Programmable Money’s Private Problem |

Programmable money has become one of the latest buzzwords as people talk about the rise of cryptocurrencies that are actually used for payments — like privately issued stablecoins — or central bank digital currencies like a digital dollar or euro.

But really, the technology really comes down to something the crypto and blockchain industry has been talking about for several years: smart contracts.

They can be incredibly useful when it comes to payments, with potential uses as far-ranging as automating payroll or paying out collision claims as soon fault has been determined — or even immediately on a no-fault policy.

Decentralized finance, or DeFi, is built around techniques like this, such as dispensing a loan when collateral is locked into an account, then liquidating that collateral when its value reaches a certain level. The same could apply to a credit score- and income-based car loan: Meet the terms, and it’s approved. Miss a certain number of payments, and your car will be repossessed. Work the internet of things into the equation, and a self-driving car could take itself straight back to the dealer.

Which raises an inevitable question: What part of this can’t be done by existing systems?

Well, the part about the contracts — the programs — being written on an immutable blockchain. Once it’s agreed to, it can’t be changed, which has upsides — no chargebacks, for example — but also downsides. Write a contract wrong and the funds are locked away forever.

Public vs. Private

Things get rockier when the “money” part of programmable money is legal tender like a digital yuan or digital dollar. That is why the privacy afforded users is becoming a bigger and bigger question. Part of that is tracking what the consumer does with their money — but between debit and credit cards and marketing databases, the privacy laws and regulations are all that control how much private enterprise or government agencies know about you.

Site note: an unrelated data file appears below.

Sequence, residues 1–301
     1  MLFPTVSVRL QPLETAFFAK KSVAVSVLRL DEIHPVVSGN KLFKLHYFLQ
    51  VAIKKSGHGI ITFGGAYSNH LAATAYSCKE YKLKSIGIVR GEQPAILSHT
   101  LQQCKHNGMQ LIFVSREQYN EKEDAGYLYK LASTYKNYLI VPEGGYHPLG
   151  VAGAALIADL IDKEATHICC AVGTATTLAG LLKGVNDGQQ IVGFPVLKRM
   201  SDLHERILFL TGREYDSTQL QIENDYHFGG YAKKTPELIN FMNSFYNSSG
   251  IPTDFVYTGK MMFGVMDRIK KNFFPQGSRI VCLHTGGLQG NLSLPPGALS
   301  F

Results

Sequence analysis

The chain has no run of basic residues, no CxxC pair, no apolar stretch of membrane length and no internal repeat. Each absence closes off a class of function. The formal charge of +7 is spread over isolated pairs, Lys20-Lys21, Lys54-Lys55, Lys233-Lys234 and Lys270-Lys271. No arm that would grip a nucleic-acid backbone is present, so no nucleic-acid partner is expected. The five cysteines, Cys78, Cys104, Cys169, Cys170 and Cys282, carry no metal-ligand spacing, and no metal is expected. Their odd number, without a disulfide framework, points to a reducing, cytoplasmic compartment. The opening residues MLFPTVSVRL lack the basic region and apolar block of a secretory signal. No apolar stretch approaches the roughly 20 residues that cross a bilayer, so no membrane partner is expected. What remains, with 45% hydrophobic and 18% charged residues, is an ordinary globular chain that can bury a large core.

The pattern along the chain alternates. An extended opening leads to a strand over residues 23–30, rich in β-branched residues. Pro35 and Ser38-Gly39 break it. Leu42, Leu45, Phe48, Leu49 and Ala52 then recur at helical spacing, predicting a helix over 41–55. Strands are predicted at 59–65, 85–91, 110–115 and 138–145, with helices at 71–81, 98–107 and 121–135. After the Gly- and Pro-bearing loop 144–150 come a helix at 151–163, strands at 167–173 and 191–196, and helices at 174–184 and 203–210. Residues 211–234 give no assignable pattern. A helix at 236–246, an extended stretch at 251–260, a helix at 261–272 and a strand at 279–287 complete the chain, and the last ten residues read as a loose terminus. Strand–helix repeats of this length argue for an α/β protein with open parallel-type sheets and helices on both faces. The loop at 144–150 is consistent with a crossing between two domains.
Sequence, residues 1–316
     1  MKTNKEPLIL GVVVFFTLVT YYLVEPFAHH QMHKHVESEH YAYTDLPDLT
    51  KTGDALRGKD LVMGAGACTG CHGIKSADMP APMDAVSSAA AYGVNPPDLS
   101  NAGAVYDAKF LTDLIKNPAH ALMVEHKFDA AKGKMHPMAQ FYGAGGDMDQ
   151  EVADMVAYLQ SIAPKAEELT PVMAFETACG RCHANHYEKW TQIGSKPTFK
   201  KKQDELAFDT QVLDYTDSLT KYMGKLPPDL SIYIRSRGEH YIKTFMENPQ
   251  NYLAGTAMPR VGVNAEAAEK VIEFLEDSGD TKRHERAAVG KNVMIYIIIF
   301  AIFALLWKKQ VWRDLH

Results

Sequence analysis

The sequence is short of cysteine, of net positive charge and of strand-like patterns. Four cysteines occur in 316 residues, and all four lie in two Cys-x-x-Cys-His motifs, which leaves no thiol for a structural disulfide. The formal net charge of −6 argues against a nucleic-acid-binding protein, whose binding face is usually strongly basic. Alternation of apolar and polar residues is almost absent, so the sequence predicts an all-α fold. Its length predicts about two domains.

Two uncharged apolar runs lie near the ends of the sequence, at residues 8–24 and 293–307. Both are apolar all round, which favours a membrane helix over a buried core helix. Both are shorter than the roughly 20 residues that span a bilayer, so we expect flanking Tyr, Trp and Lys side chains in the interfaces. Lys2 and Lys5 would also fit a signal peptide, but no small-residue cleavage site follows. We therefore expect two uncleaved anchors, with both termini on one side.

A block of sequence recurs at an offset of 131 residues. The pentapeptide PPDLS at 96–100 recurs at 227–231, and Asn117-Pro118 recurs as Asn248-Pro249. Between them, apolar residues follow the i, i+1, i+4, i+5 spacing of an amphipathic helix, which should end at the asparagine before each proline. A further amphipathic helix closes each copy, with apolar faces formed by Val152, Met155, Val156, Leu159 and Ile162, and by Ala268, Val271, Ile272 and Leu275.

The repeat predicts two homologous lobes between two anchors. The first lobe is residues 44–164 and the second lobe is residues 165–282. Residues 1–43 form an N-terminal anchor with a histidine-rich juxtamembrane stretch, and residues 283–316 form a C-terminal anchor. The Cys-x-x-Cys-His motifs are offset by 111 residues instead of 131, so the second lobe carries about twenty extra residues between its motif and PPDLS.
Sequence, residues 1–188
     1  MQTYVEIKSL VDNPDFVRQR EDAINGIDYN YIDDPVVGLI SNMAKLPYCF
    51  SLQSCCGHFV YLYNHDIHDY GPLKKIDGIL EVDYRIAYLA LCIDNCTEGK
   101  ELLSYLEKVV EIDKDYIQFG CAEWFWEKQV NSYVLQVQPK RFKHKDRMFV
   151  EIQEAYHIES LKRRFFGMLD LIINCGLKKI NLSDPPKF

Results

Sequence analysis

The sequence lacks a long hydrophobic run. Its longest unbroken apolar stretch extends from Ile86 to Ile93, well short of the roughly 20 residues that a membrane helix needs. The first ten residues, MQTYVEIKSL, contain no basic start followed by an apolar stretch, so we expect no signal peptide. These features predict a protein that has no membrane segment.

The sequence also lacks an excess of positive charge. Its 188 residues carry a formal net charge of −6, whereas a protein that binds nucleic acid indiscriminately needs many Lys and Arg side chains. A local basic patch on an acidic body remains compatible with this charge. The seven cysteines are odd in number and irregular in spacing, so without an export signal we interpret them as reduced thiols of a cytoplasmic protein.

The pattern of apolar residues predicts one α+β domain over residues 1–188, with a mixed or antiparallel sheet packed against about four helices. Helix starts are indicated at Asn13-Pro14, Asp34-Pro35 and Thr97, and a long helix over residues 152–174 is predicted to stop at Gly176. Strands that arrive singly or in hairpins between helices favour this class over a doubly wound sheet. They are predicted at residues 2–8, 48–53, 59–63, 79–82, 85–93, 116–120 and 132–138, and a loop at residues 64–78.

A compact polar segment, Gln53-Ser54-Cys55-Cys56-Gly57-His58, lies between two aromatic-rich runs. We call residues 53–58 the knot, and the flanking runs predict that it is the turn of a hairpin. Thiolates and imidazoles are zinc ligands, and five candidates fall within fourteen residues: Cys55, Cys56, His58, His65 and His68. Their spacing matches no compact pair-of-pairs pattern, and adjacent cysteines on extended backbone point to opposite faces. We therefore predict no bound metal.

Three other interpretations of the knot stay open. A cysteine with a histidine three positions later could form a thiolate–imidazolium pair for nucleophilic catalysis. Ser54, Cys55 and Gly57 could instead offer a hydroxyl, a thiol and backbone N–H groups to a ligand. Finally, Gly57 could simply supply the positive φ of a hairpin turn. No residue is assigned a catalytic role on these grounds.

But that level of control still takes warrants and cooperation by banks and corporations. If programmable money is issued directly by a government rather than run through banks and financial institutions, there is a fair bit of reasonable concern that it won’t need warrants or cooperation if it really wants to look. Programmable money could be programmed to report back how it is used, or turn off if it goes into a certain digital wallet.

Participants in the libertarian-oriented crypto industry during the Canadian trucker convoy protests at the beginning of the year were alerted to a big issue: crypto exchange executives at firms like Coinbase and Kraken warned customers that if ordered to freeze funds — like banks — they would, suggesting anyone concerned take their pseudonymous bitcoins and other tokens into private digital wallets.

And as for restrictions — well, gift cards that limit what you can or can’t buy have been around for well over a decade. Some rewards cards can only be used for travel — airlines, hotels, buying luggage, dining out.

As stablecoin issuers like Tether (USDT) and Circle (USDC) have demonstrated during token hacks, they can just freeze the coins at any time. And again, with a government-issued, blockchain-based CBDC, the basic difference is that depending on its design, the government wouldn’t need to go through courts or corporations — technically, although presumably not legally.

Which comes back to the main purpose bitcoin’s anonymous designer built into the first cryptocurrency: trustlessness. That means peer-to-peer payments are possible without needing the trust provided by third party like a bank.

But the thing about programmable money is that you have to trust the programmer, whether public or private.


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